August 19, 2020
Carson City, NV – Today, Nevada Attorney General Aaron D. Ford moved for summary judgment in his landmark civil rights lawsuit that seeks to ensure that the Equal Rights Amendment is recognized as the 28th Amendment to the U.S. Constitution, following Virginia’s ratification in January 2020. In the brief, AG Aaron Ford, Virginia AG Mark Herring and Illinois AG Kwame Raoul again explain why the Equal Rights Amendment should be recognized as part of the U.S. Constitution.
The Equal Rights Amendment states in pertinent part that “equality of all rights under the law shall not be denied or abridged by the United States or by any State on account of sex.” Originally introduced in 1923, it was finally adopted in Congress in 1972 with broad, bipartisan support. Under the leadership of Senator Patricia Spearman, Nevada ratified the Equal Rights Amendment on March 21, 2017, when AG Ford was Senate Majority Leader. Illinois ratified the Equal Rights Amendment shortly after in 2018.
“Equality does not expire, and neither will my fight for equal rights among women and men,” said AG Ford. “I’m proud to use every available legal tool in this fight, and will not stop until these rights are permanently written into our nation’s history and future.”
As AG Ford has argued throughout this lawsuit, and argues again in today’s motion for summary judgment, “the Equal Rights Amendment has satisfied the constitutional requirements to be added to the United States Constitution, and the Archivist has a non-discretionary duty under federal law to publish and certify the Equal Rights Amendment is valid.” AG Ford further explains that, “the Equal Rights Amendment has met all of Article V’s requirements,” “the timeframe in the congressional resolution did not prevent Plaintiff States from ratifying,” and “ratification is a one-time event that may not be ‘rescinded’.”
The motion for summary judgment concludes by asking the court to:
- Declare that the Equal Rights Amendment is valid and part of the Constitution;
- Declare that the Archivist’s refusal to publish and certify the Equal Rights Amendment violates federal law; and
- Order the Archivist to execute his duties and publish the Equal Rights Amendment as part of the Constitution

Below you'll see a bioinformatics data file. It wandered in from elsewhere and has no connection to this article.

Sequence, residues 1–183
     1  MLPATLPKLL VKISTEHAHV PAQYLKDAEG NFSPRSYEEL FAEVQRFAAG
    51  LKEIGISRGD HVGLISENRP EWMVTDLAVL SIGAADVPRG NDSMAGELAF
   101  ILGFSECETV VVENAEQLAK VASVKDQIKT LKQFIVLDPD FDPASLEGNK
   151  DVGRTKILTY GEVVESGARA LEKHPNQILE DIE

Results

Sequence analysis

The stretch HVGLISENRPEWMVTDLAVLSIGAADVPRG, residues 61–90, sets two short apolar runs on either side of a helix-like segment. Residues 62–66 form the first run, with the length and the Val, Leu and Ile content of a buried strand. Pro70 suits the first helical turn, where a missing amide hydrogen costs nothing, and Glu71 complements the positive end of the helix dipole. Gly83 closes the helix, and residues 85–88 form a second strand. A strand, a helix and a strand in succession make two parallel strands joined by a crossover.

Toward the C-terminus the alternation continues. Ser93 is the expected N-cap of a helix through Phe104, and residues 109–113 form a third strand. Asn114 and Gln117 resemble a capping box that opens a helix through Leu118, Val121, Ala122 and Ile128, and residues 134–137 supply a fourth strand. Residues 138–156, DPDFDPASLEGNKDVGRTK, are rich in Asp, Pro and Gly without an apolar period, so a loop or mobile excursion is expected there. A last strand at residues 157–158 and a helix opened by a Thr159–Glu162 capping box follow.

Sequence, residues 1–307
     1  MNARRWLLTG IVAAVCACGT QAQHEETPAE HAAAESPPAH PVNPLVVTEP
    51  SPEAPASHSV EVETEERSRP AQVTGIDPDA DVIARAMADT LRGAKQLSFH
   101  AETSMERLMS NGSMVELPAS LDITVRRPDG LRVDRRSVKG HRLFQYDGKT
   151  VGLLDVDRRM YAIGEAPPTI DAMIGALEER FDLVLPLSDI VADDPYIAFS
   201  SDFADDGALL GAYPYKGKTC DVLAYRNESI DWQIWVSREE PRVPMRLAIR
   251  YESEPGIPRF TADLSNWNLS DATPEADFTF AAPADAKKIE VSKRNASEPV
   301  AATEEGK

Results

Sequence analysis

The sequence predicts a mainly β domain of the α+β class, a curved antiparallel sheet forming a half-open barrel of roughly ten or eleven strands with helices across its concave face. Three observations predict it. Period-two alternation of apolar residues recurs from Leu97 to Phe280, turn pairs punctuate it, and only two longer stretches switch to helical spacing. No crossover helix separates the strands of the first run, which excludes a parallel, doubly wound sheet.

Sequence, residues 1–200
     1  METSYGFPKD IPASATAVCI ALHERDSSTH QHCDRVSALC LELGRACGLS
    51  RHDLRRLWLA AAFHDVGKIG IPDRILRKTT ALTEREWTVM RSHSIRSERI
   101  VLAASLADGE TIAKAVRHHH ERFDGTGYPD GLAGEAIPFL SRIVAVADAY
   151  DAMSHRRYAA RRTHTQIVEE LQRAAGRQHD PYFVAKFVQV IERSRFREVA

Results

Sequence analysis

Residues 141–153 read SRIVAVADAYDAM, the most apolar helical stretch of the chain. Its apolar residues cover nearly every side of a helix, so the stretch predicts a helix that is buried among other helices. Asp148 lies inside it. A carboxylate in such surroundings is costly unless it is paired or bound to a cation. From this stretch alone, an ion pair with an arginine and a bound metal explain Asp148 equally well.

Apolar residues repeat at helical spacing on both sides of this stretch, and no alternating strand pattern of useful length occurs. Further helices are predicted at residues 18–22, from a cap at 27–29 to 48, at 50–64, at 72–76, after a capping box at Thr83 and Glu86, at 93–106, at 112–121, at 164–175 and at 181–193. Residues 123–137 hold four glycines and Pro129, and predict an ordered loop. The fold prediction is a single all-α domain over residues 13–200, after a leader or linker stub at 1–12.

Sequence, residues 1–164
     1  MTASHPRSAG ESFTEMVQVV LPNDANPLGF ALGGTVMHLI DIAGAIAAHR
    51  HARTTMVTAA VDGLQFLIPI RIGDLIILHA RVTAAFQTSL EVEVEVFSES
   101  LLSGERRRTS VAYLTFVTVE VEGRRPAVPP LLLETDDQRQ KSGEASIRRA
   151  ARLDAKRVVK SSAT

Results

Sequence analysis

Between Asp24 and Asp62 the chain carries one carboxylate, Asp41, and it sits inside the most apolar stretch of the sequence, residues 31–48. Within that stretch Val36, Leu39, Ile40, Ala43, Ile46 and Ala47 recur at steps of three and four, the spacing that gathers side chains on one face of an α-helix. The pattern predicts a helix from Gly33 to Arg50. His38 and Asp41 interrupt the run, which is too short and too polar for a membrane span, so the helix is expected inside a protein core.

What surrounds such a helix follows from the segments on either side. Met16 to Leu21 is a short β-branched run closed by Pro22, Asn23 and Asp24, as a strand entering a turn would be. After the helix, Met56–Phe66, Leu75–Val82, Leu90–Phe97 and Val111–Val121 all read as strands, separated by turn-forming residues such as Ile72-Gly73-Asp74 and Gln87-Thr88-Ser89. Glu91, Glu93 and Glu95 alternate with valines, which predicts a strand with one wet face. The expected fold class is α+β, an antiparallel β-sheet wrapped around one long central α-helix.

Additionally, AG Ford filed a brief opposing the intervening states’(Alabama, Louisiana, Nebraska, South Dakota and Tennessee) motion for summary judgment that argued states have the ability to rescind their ratification of the ERA, which would remove five states from the number that have ratified the amendment. Only three of the five intervening states have even purported to have rescinded the Equal Rights Amendment – legislatures in Louisiana and Alabama have not even ratified the amendment.
Five states – Nebraska, Tennessee, Kentucky, Idaho and South Dakota – have purported to have rescinded their ratification of the Equal Rights Amendment, but AG Ford and his colleagues argue that these rescissions are not valid and, therefore, should not affect the Equal Rights Amendment being added to the U.S. Constitution when Virginia became the 38th and final state needed to ratify it in January 2020.
On January 27, 2020, the Virginia General Assembly voted to pass and ratify the Equal Rights Amendment, making it the 38th and final state needed to immediately make it part of the Constitution. On January 30, AG Ford filed suit to ensure that Virginia’s ratification was recognized, and to ensure that the Equal Rights amendment has been added to the U.S. Constitution, enshrining equal rights for women. In May, the Trump Administration filed a motion to dismiss AG Ford’s lawsuit, seeking to block gender equality from being added to the Constitution. In June, AG Ford filed a brief opposing the Trump Administration’s motion to dismiss his lawsuit.